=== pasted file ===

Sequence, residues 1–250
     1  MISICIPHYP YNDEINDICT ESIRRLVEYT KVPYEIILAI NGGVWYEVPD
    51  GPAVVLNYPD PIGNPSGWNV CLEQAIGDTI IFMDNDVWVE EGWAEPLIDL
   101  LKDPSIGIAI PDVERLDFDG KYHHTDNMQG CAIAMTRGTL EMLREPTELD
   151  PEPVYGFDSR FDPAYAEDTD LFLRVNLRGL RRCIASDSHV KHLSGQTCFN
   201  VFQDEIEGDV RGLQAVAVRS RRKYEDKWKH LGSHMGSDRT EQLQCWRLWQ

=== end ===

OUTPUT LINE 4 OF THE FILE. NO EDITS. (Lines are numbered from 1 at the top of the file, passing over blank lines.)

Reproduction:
   101  LKDPSIGIAI PDVERLDFDG KYHHTDNMQG CAIAMTRGTL EMLREPTELD